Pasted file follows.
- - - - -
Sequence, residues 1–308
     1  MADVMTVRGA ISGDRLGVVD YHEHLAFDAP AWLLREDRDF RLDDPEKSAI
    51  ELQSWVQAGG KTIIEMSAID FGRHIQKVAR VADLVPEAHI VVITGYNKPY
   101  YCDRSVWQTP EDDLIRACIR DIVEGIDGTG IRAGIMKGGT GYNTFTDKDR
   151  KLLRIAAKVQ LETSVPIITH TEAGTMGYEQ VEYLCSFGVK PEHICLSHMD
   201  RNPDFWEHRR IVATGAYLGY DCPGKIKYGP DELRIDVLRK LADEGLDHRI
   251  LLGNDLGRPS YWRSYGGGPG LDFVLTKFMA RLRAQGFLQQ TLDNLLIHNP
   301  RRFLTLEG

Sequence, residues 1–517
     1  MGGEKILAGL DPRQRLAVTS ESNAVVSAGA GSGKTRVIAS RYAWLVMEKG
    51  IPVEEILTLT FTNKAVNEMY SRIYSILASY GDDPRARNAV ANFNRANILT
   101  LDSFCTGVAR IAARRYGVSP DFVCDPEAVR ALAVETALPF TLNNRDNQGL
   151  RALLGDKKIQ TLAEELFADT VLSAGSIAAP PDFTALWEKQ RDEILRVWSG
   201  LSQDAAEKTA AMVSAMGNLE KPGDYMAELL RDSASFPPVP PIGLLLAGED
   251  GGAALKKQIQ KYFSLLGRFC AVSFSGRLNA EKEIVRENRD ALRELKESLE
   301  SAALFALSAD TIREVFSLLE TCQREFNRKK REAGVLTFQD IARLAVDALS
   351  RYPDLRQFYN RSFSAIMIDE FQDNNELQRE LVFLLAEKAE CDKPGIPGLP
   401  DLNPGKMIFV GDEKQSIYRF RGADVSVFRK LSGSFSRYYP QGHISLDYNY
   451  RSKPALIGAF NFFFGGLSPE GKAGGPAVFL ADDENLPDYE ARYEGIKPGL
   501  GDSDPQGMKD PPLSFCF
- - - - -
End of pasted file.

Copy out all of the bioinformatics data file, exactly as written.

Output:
Sequence, residues 1–308
     1  MADVMTVRGA ISGDRLGVVD YHEHLAFDAP AWLLREDRDF RLDDPEKSAI
    51  ELQSWVQAGG KTIIEMSAID FGRHIQKVAR VADLVPEAHI VVITGYNKPY
   101  YCDRSVWQTP EDDLIRACIR DIVEGIDGTG IRAGIMKGGT GYNTFTDKDR
   151  KLLRIAAKVQ LETSVPIITH TEAGTMGYEQ VEYLCSFGVK PEHICLSHMD
   201  RNPDFWEHRR IVATGAYLGY DCPGKIKYGP DELRIDVLRK LADEGLDHRI
   251  LLGNDLGRPS YWRSYGGGPG LDFVLTKFMA RLRAQGFLQQ TLDNLLIHNP
   301  RRFLTLEG

Sequence, residues 1–517
     1  MGGEKILAGL DPRQRLAVTS ESNAVVSAGA GSGKTRVIAS RYAWLVMEKG
    51  IPVEEILTLT FTNKAVNEMY SRIYSILASY GDDPRARNAV ANFNRANILT
   101  LDSFCTGVAR IAARRYGVSP DFVCDPEAVR ALAVETALPF TLNNRDNQGL
   151  RALLGDKKIQ TLAEELFADT VLSAGSIAAP PDFTALWEKQ RDEILRVWSG
   201  LSQDAAEKTA AMVSAMGNLE KPGDYMAELL RDSASFPPVP PIGLLLAGED
   251  GGAALKKQIQ KYFSLLGRFC AVSFSGRLNA EKEIVRENRD ALRELKESLE
   301  SAALFALSAD TIREVFSLLE TCQREFNRKK REAGVLTFQD IARLAVDALS
   351  RYPDLRQFYN RSFSAIMIDE FQDNNELQRE LVFLLAEKAE CDKPGIPGLP
   401  DLNPGKMIFV GDEKQSIYRF RGADVSVFRK LSGSFSRYYP QGHISLDYNY
   451  RSKPALIGAF NFFFGGLSPE GKAGGPAVFL ADDENLPDYE ARYEGIKPGL
   501  GDSDPQGMKD PPLSFCF